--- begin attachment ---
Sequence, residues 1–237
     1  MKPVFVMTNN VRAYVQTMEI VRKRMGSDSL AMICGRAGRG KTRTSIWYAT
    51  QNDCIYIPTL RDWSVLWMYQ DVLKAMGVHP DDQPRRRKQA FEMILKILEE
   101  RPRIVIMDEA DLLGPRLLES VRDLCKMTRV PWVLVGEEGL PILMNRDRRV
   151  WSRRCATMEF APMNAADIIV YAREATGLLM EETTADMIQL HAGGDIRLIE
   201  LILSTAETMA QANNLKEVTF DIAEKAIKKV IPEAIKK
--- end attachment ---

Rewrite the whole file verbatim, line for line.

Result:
Sequence, residues 1–237
     1  MKPVFVMTNN VRAYVQTMEI VRKRMGSDSL AMICGRAGRG KTRTSIWYAT
    51  QNDCIYIPTL RDWSVLWMYQ DVLKAMGVHP DDQPRRRKQA FEMILKILEE
   101  RPRIVIMDEA DLLGPRLLES VRDLCKMTRV PWVLVGEEGL PILMNRDRRV
   151  WSRRCATMEF APMNAADIIV YAREATGLLM EETTADMIQL HAGGDIRLIE
   201  LILSTAETMA QANNLKEVTF DIAEKAIKKV IPEAIKK